Quentin Tarantino backs out of Rialto deal November 2, 2014Posted by Ron Warnick in Movies, Preservation, Theaters.
Tags: Quentin Tarantino, Rialto Theatre, South Pasadena
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According to South Pasadena Chamber of Commerce President Scott Feldmann, Tarantino agreed to a contract for a short period of time, before pulling back on his offer prior to closing the deal. However, Feldmann said he’s hopeful a second bidder will finalize a deal to purchase the Rialto.
Mark Friedman, Tarantino’s business manager, reportedly told Feldmann that Quentin became heavily involved in a huge filmmaking project in Europe shortly after putting in an offer to buy the theater, and could not devote the time and resources necessary to carrying out the purchase of the theatre.
Feldmann said Tarantino’s plans for the Rialto had included re-opening the movie house to screen classic films in a 35mm format, while focusing attention to completely restoring the theater, once known for its Vaudeville shows in the 1920s.
Tarantino — famed for his Academy Award-winning films “Pulp Fiction,” “Django Unchained” and “Inglourious Basterds” — is set to begin production on a new western film in January.
Feldmann told the newspaper he was “bummed” Tarantino nixed the deal, but remained optimistic a buyer would be found and the theater reopened.
Tarantino also owns a movie house in the Los Angeles region — the New Beverly Cinema, where it shows double features of old films.
The Rialto Theatre, at 1023 Fair Oaks Ave., is part of the original 1926 alignment of Route 66. Built in 1925, the theater is listed on the National Register of Historic Places.
The theater will need a lot of work. Its vertical neon sign worked itself loose two years ago to the point where city officials thought it would become a safety hazard. The theater was put up for sale in June.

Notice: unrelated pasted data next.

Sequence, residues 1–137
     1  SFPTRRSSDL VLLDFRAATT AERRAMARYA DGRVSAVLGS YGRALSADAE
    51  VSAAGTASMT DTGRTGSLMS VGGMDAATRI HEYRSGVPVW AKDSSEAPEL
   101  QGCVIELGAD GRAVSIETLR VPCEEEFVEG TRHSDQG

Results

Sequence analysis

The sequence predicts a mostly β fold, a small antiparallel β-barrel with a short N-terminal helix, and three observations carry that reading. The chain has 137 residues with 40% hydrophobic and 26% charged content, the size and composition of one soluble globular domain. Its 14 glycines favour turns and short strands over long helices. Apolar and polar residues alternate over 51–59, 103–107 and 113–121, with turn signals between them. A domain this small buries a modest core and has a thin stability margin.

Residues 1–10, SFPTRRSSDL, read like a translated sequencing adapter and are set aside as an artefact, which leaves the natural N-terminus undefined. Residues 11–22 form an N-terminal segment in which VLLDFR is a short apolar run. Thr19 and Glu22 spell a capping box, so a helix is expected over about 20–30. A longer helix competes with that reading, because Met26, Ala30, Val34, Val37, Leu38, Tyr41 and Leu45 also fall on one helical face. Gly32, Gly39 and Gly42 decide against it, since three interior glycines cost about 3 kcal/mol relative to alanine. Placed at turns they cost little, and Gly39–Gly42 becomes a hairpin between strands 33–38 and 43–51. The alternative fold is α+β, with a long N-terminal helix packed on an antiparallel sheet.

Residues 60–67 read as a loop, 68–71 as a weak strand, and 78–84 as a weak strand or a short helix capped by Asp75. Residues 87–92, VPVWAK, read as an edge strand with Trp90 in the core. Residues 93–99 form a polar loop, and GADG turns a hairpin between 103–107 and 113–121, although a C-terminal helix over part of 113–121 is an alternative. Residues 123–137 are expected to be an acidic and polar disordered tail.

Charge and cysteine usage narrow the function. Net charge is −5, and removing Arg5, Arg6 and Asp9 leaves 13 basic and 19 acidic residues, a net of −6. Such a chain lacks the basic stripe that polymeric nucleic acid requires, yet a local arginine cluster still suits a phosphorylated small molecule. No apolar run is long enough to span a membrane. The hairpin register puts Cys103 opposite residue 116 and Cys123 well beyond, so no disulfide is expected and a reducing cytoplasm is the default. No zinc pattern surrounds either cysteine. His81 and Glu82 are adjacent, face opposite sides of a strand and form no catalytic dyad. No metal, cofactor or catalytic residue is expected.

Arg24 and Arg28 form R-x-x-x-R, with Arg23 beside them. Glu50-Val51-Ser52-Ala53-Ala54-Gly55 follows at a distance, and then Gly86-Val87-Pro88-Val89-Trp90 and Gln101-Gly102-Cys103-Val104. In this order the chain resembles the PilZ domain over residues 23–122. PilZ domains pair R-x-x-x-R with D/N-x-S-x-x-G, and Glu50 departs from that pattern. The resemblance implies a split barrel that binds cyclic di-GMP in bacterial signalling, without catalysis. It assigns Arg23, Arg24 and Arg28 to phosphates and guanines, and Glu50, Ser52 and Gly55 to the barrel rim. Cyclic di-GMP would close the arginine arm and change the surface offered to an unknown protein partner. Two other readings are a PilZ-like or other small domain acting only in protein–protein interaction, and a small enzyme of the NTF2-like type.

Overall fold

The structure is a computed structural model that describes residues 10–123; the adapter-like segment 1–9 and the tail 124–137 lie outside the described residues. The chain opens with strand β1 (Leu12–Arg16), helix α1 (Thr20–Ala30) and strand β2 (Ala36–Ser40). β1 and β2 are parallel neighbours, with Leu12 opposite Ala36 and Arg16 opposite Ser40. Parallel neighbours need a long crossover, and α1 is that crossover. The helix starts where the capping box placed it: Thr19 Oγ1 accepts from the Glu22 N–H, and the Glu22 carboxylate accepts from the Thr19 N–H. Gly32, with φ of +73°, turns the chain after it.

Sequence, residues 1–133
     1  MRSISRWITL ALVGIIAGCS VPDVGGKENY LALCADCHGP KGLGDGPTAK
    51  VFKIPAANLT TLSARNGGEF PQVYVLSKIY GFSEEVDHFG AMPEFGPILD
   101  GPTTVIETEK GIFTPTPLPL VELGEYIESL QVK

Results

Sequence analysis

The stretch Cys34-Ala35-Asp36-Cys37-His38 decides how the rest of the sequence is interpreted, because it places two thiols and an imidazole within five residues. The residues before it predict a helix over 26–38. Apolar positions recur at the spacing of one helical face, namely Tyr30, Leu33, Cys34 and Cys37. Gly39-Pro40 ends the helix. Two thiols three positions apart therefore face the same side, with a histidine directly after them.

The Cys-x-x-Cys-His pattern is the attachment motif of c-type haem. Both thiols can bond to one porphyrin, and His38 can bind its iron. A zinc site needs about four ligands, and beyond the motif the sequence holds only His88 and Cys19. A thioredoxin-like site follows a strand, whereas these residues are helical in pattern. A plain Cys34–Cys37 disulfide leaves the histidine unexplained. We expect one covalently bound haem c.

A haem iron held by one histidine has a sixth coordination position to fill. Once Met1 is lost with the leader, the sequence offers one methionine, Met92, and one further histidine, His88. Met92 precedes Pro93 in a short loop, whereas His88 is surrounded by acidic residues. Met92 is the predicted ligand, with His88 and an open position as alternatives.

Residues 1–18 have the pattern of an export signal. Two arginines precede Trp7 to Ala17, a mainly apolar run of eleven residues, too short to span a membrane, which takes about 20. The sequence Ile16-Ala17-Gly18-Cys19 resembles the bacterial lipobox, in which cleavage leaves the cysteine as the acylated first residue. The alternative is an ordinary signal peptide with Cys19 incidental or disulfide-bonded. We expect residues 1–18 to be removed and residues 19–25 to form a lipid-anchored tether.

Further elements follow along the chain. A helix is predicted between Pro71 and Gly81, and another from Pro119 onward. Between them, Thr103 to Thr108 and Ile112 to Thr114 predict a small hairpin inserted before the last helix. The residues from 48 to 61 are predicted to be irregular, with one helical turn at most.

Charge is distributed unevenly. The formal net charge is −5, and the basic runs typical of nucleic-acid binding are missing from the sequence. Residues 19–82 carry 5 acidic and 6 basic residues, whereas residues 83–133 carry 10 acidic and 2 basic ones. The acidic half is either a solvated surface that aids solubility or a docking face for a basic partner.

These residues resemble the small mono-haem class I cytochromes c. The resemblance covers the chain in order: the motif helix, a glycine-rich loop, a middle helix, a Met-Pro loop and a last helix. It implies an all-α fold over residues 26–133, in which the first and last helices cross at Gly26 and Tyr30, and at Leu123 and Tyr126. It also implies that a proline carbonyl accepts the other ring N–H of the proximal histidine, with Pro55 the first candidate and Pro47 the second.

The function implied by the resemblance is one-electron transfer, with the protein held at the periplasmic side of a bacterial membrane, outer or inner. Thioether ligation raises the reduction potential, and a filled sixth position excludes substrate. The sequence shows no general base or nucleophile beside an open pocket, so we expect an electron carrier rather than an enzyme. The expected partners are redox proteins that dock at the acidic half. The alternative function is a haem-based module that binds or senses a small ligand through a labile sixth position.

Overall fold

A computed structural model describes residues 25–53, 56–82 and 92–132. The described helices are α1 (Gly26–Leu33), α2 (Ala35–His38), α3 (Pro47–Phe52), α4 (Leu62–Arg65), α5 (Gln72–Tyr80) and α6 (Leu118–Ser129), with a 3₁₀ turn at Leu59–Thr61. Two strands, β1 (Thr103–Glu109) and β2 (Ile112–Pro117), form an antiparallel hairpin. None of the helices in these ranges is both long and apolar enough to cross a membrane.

(Hat tip: Chris Willman; image of the Rialto Theatre by Scott Lowe via Flickr)
Anthony Quinn mural in downtown L.A. to be restored November 1, 2014Posted by Ron Warnick in Art, Attractions, Movies, Preservation.
Tags: Anthony Quinn, Los Angeles
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The nearly 30-year-old mural of actor Anthony Quinn on the side of the Victor Clothing Co. building in downtown Los Angeles will be restored, according to several media outlets.
Titled “The Pope of Broadway,” the 70-foot-tall mural at 242 S. Broadway shows Quinn with his arms outstretched, a la a scene from the 1964 film “Zorba the Greek,” touting the Victor business. Eloy Torrez painted it in 1985.
According to L.A. Downtown News:
Fourteenth District City Councilman José Huizar helped secure $150,000 for the restoration of the mural, which over the years become chipped and faded, and was also vandalized.
The idea of restoring the mural was first floated by Quinn’s son, Francesco, who tried to bring attention to the artwork before his death in 2011.
According to the Los Angeles Times:
“Anthony Quinn’s rise from humble immigrant beginnings to worldwide recognition as one of the greatest artists of his day continues to inspire many here in the city of Los Angeles,” Huizar said in an interview. He added: ” ‘The Pope of Broadway’ is not only an important part of our Bringing Back Broadway initiative, it is a masterful piece of art that reminds us of the importance of mural restoration and the reason we overturned the 11-year ban on murals on private property: so artists can create new masterpieces.”
The project is scheduled to start in early 2015, led by the Mural Conservancy, which is also restoring the 1984 Olympic Arts Murals along the 101 Freeway. The group hopes to finish that work by 2016, conservancy Executive Director Isabel Rojas Williams said.